October 19, 2018 | ° F

Congress has 1 day left to propose its plan for DACA DREAMers


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At Rutgers and across the country, recipients of the DACA program await a decision from Congress regarding the program’s future. Everyday, 122 people lose protection from deportation and access to legal work as the program nears its expiration.


Congress has until tomorrow to strike a deal that determines the future of Deferred Action for Childhood Arrivals (DACA) DREAMers. 

The next update in finding a permanent solution for DREAMers at Rutgers and nationwide will be Feb. 8. This is the spending-bill deadline that pro-immigration advocates hope will pass by the House of Representatives before the DACA program expires on March 5.

Each day that Congress does not act on DACA legislation, 122 people lose protection from deportation and a legal job, according to statistics from the Center for American Progress.

Demands vary between the White House, immigration hardliners, pro-DREAMer advocates and a bipartisan group, which has made finding a solution for more than 500 DREAMers at Rutgers and 690,000 nationwide especially difficult. 

For those hopeful that a government shutdown similar to the one that occurred on Jan. 22 will occur, Ross Baker, a professor in the Department of Political Science, said tomorrow is a different situation where he does not expect a shutdown nor an agreement to be reached.

“Congress never does anything until it’s absolutely the last minute,” Baker said.

For Baker, because of the lack of agreement between the different groups on Capitol Hill, he bets the final showdown will be around the expiration date of the DACA administrative program, March 5.

The most promising agreement, inclusive of demands from both sides, is an immigration proposal brought forward by Sen. Lindsey Graham (R-S.C.) and Sen. Dick Durbin (D-Ill.).

The bipartisan bill became complicated after a meeting with President Donald J. Trump backfired when Hogan Gidley, the White House deputy press secretary, said that the legislation was “completely dishonest” and did not go far enough in funds for a border wall and security. He added that it did not address “chain migration,” according to a Politico article

In a previous interview with The Daily Targum, Baker said the debate around a solution for DACA was confusing because no one knew where the White House officially stood in terms of immigration reform.

This changed when Trump delivered his four-pillar plan for immigration reform in his first State of the Union address — a necessary ingredient for Congress to be on the same page as its executive counterpart.

The four-pillar plan revolves around creating a pathway to citizenship for DREAMers, $25 billion in border-wall funds, the elimination of the diversity visa lottery and the limitation of family-based immigration.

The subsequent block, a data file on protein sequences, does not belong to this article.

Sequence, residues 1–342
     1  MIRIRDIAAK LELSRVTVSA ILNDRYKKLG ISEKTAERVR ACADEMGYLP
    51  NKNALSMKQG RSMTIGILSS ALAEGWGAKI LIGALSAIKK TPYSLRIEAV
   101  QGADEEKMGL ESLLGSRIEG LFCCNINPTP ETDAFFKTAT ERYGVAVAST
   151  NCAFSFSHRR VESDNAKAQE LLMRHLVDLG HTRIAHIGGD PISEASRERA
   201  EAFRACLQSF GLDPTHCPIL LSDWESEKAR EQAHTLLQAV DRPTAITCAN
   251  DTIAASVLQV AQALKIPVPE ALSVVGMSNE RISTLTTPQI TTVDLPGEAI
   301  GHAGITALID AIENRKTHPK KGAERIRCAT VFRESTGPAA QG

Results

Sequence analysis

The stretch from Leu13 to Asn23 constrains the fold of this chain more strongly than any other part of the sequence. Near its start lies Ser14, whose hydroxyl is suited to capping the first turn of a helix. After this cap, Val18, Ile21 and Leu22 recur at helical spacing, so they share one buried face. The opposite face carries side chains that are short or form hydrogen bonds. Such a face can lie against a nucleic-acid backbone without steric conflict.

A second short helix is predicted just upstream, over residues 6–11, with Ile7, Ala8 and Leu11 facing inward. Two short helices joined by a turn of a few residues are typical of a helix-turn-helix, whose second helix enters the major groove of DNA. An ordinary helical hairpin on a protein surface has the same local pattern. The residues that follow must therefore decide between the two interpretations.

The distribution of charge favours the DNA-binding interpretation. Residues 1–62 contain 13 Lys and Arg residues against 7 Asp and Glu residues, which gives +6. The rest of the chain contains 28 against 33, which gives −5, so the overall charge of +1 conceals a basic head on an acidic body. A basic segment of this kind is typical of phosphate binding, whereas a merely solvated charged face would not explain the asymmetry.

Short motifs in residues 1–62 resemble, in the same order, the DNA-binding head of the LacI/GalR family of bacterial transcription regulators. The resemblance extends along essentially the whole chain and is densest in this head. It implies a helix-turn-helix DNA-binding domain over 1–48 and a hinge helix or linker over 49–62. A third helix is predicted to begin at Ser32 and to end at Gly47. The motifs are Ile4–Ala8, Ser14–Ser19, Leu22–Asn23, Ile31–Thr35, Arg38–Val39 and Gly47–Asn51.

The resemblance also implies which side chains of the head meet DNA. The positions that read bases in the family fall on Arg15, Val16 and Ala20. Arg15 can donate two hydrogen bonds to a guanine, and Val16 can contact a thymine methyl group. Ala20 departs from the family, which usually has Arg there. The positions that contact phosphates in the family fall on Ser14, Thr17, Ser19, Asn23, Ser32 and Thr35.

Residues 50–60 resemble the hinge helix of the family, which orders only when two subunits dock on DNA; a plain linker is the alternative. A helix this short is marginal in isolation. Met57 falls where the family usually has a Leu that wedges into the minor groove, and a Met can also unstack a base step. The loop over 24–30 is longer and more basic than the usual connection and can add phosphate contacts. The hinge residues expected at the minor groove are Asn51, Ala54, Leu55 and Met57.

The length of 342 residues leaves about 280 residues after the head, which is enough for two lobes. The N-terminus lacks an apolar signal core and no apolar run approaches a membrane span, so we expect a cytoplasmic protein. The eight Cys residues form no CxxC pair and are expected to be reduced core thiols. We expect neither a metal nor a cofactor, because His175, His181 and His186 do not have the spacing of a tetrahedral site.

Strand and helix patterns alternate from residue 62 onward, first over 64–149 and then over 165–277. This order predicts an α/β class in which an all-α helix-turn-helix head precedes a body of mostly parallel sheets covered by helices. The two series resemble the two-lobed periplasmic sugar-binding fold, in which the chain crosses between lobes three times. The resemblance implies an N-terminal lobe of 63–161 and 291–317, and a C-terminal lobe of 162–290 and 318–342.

Though there are 690,000 existing DACA-recipients today, according to U.S. Citizenship and Immigration Services (USCIS) data, Trump said in his address that there are an estimated 1.8 million DREAMers residing in the U.S. that would be qualified for his proposed phased-in pathway to citizenship plan, according to Migration Policy Institute data.

The original criteria for DACA-eligibility is any individual who came to the U.S. while under the age of 16, lived in the U.S. since June 15, 2007, was under 31 years old as of June 15, 2012, is currently in school or the armed forces and has never been convicted of a felony or significant misdemeanor.

On Tuesday, members of Congress inched closer to passing a bipartisan deal for the government's spending budget. Trump met lawmakers with his stance on the possibility of a second shutdown if his immigration policies were not met, according to an article from The New York Times

"I’d love to see a shutdown if we can’t get this stuff taken care of," he said in a meeting with lawmakers and law-enforcement officials to discuss gang violence. “If we have to shut it down because the Democrats don’t want safety, then shut it down.”

The bill looks to increase military and nonmilitary spending caps through September 2019 as a means for Congress to bypass Thursday's deadline and segway into a long-term bill over the next two years, according to the article. 

Lawmakers have yet to detail a definitive plan that would maintain government operations past Thursday should the bill not pass, according to the article. 

“I would shut it down over this issue,” Trump said in regards to striking a deal for DACA DREAMers. “If we don’t straighten out our border, we don’t have a country." 

It is a push-and-pull battle between how many DREAMers will be granted legal status or even citizenship, versus technical tweaks made to the status of legal immigration and how much funding will be latched on in the deal for the border wall and security.

“It’s discouraging making these pushes and seeing politicians kick the can down the road,” Sergio Abreu, president of UndocuRutgers and a School of Engineering senior, said.


Abner Bonilla

Abner Bonilla is a School of Arts and Sciences senior. He is a staff writer for The Daily Targum. 


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